Even with the additional bandwidth provided by the M.2 and SATA Express connectors, there is still a technology that is holding them back from their true potential. Currently, all storage systems within our PCs uses something called AHcI (Advanced Host Controller Interface). This is essentially how the computer talks to the storage device attacked to the computer. It has worked effectively and is widely adopted for all types of storage devices regardless of their interface with the computer.

This is great because it means that Windows and other operating systems have the base software to control just about any attached storage device natively. Essentially, it is what makes it so easy to add any type of storage into an existing computer. Older computer uses probably remember the days when installing Windows required extra driver disks to load the necessary storage controller drivers so you could continue to install the operating system. That doesn’t exist now thanks to AHCI.

The problem is that AHCI was developed before the idea of massive parallel computing and communications. Most computers have only a single or maybe a second processors. Now it is common to have two to for with some having eight or more. Add to those other devices factoring into the computing environment and all these storage requests end up getting backed up in the single command queue AHCI provides. This is why most SSDs currently top out around 600MB/s even though the controller could theoretically reach 750MB/s.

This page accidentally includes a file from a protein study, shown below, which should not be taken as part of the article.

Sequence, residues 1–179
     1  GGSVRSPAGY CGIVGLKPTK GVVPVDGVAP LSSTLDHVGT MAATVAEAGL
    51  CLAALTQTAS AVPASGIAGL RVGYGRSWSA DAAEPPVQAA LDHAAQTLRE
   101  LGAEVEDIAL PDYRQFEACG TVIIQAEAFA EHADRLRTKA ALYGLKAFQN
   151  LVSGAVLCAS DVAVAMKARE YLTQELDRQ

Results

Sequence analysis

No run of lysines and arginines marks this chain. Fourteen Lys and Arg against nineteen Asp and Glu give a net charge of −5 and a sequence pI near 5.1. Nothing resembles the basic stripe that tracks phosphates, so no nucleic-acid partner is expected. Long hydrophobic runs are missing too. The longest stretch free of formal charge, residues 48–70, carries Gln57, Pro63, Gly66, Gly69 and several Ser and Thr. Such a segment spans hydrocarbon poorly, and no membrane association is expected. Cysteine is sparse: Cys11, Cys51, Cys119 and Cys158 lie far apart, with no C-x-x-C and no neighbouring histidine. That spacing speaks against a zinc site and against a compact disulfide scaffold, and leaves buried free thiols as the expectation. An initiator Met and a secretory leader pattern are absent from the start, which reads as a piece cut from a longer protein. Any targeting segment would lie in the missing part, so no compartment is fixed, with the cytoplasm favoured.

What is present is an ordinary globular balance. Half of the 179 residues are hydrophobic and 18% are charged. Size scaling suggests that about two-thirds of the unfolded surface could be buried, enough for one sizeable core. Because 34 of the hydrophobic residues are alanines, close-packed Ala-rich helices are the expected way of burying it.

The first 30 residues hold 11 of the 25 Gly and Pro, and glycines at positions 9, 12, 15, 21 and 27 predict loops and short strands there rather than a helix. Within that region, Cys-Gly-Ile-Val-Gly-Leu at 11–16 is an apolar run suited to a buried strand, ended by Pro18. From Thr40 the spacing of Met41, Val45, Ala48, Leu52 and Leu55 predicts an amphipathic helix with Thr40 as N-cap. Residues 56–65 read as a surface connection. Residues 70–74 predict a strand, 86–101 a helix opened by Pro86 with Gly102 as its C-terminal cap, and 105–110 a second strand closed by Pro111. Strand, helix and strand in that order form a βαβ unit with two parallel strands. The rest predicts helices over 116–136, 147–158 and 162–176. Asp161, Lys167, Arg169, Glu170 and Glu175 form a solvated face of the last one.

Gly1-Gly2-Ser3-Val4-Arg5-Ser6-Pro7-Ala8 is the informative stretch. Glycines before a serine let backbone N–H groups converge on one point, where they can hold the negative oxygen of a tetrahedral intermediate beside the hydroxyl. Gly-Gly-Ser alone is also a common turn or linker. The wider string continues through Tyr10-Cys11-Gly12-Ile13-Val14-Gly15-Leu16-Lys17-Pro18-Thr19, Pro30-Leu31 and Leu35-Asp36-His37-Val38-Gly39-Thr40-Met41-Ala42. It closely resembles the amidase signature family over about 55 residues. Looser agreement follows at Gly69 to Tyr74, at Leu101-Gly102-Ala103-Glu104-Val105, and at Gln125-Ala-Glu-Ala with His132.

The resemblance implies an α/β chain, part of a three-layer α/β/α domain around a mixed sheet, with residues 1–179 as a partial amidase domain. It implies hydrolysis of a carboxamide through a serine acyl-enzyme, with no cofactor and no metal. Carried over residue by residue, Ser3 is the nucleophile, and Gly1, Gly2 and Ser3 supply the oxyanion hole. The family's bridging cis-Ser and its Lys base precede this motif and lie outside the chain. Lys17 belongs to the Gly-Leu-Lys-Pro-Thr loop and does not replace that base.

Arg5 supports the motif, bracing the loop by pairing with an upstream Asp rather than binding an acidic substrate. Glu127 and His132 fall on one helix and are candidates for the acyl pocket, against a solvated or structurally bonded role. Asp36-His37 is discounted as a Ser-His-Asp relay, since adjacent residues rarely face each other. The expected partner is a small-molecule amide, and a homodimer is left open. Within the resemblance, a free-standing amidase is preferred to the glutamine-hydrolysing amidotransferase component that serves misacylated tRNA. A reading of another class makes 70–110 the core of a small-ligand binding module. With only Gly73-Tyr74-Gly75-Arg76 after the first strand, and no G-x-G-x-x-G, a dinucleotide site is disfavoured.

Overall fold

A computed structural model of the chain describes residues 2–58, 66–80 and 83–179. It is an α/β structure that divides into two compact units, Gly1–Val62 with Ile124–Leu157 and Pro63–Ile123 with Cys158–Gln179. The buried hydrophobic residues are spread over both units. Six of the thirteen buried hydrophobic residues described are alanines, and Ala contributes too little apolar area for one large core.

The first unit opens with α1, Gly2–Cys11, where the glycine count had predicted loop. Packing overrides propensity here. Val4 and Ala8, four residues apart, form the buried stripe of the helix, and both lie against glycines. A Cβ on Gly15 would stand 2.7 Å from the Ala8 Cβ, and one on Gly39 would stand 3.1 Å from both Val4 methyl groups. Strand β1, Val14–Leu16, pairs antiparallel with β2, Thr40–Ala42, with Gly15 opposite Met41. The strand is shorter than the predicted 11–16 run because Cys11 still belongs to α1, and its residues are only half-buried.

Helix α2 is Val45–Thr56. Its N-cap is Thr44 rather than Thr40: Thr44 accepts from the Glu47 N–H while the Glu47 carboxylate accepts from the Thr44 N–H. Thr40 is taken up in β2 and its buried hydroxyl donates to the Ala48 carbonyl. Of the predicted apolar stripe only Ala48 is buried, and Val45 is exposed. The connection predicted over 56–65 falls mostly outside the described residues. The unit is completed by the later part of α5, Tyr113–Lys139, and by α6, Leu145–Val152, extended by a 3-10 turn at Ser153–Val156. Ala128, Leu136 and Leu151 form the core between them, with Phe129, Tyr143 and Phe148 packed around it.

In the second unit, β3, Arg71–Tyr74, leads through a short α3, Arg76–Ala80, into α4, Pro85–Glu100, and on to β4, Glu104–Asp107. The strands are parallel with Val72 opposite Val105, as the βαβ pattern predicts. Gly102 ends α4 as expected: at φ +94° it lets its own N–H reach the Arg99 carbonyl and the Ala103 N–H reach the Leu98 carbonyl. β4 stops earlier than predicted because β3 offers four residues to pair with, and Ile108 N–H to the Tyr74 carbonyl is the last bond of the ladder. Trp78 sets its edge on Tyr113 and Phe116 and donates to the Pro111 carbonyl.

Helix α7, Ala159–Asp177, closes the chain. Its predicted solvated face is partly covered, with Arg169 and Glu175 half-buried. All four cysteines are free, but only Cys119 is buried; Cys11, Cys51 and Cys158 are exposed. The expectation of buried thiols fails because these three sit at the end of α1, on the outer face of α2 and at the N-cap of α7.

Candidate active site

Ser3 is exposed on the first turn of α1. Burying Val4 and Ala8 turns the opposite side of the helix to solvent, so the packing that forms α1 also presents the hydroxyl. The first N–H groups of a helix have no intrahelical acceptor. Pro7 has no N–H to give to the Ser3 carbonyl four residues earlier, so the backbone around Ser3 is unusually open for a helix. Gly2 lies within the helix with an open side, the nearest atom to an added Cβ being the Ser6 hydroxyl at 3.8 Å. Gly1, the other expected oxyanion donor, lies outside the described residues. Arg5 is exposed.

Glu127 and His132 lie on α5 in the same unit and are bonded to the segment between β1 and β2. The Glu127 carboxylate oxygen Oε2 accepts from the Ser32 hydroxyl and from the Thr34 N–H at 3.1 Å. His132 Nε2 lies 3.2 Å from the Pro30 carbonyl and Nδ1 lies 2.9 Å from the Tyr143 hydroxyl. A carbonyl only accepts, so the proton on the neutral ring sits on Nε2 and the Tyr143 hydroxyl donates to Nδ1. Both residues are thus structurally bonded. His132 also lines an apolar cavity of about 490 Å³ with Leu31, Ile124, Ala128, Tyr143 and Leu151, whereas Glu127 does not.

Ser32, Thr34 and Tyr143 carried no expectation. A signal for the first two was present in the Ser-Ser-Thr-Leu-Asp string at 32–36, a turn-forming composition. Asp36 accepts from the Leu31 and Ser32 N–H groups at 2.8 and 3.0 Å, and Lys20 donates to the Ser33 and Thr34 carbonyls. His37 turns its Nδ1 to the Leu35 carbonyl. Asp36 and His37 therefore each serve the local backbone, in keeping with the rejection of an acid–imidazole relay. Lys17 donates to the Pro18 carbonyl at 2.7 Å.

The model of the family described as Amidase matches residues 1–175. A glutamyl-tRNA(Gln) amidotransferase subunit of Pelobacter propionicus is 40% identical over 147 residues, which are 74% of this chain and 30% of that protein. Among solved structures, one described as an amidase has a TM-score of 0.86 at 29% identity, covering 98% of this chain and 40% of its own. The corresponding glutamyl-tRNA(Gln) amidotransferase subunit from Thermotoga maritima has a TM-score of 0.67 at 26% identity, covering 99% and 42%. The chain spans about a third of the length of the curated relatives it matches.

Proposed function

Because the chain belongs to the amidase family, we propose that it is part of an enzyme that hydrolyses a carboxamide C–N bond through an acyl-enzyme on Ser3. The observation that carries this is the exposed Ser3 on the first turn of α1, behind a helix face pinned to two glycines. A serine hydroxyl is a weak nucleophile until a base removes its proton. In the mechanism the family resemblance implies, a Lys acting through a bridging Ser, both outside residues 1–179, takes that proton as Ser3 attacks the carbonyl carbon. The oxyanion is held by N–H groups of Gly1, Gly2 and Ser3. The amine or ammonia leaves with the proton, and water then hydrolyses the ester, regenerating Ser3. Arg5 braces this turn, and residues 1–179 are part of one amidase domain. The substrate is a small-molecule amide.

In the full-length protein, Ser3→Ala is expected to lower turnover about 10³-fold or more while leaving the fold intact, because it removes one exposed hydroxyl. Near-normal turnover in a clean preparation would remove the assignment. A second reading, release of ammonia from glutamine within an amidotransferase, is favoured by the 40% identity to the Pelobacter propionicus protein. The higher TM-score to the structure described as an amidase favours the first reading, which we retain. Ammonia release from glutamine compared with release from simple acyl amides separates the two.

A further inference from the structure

NVMe is a technology that has been in development to focus on a new way to boost storage performance. Essentially, it looks to provide more simultaneous requests for reading and writing data from our drives and in particular SSDs. You see with SSDs offering multiple chips that can be written to and being attached through multiple PCIe channels via M.2 or SATA Express, NVMe doesn’t bottleneck the data at the controller level like the existing AHCI does.

The problem is that NVMe is an entirely new system of communicating between the software and hardware. In order for this to work, all new drivers must be installed into the operating system akin to the old days of Windows. This makes it more difficult to adopt as people are used to a more plug and play style of environment. For now, it looks like we will probably see AHCI for the initial release of both M.2 and SATA Express but this will probably change over the next couple of years.

Great, When Can I Use This?

There are also laptop computers on the market that are using the new M.2 cards for storage and they offer some fabulous performance with near instant on cold boots of Windows. Desktop users will start seeing motherboards using the Z97 chipset this month that feature either or both of the SATA Express and M.2 connectors on them.

While the connectors for SATA Express and M.2 are available, users are going to find it difficult to find actually drives to purchase for these new systems. To data, there is no official SATA Express based 2.5-inch drives on the market. When they do come to market, expect them to have a fairly high price tag over the existing SATA 3.0 based SSDs. M.2 cards are a bit more available right now but they are still quite difficult to find as they are mostly sold to the manufacturer’s and not consumers. Those that you can find are typically of the largest dimensions and carry a mark-up of anywhere from 10 to 50% over what a 2.5-inch SATA SSD cost.

3 thoughts on “SATA Express and M.2 – Two New Interfaces For Improved SSD Performance